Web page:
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China’s New Navy and Humanitarian Assistance and Disaster Relief

Thursday, October 24, 2019   19:30 - 21:00

  • Richard Salmons (Adjunct Professor, Temple University, Japan Campus)

One of the most important roles of China’s growing navy may not be to fight the United States Navy, but instead to replace it as a provider of peacetime security in the Asia-Pacific region. Strategists have become well aware of the importance of navies delivering international public goods such as humanitarian assistance and disaster relief. By letting rivals simultaneously demonstrate material power, establish practical international ties, and build legitimacy, disaster relief has become a way for states to compete for status relative to each other. Indeed, as the Asia-Pacific international hierarchy is increasingly in flux, international disaster relief has become a useful illustration of regional order building in action.

We saw a demonstration of this after Typhoon Haiyan in the Philippines in 2013, when both the US and Japan enjoyed soft power benefits from their high-profile aid, while China was embarrassed by its small contribution. Yet in just the past five years, China has constructed a large amphibious fleet, which could play significant peacetime roles in natural disasters and citizen evacuation.

What will be the effect on the regional order if we begin to see Chinese naval task forces arriving to assist in future peacetime crises?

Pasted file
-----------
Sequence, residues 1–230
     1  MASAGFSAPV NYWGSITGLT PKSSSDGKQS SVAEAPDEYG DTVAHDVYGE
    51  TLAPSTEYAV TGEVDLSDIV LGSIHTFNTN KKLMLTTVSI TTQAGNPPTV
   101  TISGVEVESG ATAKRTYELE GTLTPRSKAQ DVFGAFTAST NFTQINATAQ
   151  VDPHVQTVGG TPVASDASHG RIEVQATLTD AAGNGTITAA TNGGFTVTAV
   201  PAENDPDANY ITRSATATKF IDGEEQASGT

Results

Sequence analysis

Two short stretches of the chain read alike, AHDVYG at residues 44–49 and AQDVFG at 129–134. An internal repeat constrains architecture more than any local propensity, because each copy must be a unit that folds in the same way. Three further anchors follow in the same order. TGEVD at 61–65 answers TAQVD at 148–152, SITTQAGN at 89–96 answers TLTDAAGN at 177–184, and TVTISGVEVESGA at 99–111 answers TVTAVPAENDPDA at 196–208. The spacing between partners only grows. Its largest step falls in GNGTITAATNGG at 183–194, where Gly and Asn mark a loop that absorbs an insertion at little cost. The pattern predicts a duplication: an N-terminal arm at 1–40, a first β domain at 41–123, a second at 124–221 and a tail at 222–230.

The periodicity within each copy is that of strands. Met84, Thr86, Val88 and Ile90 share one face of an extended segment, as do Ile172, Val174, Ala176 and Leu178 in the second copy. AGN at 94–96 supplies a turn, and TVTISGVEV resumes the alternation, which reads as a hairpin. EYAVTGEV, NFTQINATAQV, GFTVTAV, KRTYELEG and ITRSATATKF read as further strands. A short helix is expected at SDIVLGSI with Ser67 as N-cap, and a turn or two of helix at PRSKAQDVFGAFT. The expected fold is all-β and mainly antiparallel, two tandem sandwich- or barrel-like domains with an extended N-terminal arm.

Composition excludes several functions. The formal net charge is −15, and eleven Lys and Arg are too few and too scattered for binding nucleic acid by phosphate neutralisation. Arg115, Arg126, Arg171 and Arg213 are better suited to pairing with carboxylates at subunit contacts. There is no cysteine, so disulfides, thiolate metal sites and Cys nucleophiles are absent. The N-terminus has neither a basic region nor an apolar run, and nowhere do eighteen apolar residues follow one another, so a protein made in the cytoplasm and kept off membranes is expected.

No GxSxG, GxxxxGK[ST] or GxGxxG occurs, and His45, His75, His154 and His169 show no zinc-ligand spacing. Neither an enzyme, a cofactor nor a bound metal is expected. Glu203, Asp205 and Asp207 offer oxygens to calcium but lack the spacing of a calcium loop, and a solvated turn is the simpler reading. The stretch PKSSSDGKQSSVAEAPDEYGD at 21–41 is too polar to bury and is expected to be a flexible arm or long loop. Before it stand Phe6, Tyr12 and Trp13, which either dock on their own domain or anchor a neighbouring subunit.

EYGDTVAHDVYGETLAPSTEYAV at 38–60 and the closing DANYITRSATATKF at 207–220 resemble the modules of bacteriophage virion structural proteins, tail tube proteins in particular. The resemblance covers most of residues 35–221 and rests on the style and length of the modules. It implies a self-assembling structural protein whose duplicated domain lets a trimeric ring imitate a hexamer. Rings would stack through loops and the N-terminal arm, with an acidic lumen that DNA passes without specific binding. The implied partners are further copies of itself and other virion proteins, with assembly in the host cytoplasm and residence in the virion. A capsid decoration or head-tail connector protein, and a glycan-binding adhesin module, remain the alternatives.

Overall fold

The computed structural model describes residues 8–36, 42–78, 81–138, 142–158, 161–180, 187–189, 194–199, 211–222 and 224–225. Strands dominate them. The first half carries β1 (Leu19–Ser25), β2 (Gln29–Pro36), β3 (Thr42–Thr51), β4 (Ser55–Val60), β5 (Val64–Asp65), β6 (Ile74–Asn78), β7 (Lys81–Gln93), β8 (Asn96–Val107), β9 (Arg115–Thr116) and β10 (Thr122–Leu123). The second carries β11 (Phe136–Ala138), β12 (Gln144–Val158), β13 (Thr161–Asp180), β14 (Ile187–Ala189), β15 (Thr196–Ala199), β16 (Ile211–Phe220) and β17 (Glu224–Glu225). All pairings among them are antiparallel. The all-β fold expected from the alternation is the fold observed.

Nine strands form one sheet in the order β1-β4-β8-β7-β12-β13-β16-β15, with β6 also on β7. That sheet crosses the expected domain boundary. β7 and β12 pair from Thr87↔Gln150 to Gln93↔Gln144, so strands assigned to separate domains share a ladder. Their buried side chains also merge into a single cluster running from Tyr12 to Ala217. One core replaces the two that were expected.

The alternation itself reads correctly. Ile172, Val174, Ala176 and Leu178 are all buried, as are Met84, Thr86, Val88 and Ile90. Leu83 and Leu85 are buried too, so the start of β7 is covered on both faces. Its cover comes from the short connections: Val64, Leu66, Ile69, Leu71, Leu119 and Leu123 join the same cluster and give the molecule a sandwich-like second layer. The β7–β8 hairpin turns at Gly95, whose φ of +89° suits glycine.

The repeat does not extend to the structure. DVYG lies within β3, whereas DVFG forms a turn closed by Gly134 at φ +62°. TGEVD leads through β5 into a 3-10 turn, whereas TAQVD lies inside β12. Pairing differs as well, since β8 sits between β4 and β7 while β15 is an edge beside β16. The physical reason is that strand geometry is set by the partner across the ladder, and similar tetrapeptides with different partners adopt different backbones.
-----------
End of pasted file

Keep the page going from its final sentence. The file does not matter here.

Date & Time:
Thursday, October 24, 2019   19:30 - 21:00 (Doors open at 19:00)
1F Parliament student lounge, Temple University, Japan Campus
1-14-29 Taishido, Setagaya-ku Tokyo
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Robert Dujarric (ICAS Director)
Registration is encouraged (e-mail to icas@tuj.temple.edu), but not required. 登録なしでも参加できますので、直接会場へお越しください。

Note: All ICAS events are held in English, open to the public, and admission is free unless otherwise noted.


Richard Salmons

Adjunct Professor, Temple University, Japan Campus

Richard Salmons has worked as a journalist and as a diplomat with the Australian Department of Foreign Affairs and Trade, where he was posted to the Australian Embassy in Jakarta, and as a policy adviser in the Australian Department of the Prime Minister and Cabinet. After receiving an Australian government scholarship, he completed a Ph.D. in the Coral Bell School of Asia-Pacific Affairs at the Australian National University. His dissertation investigated the post-Cold War international relations of Japan, China and India, and focused on how concerns about national status can drive states towards riskier or more assertive policy options. Since receiving his doctorate, Richard has been teaching political science at Temple University, Japan Campus.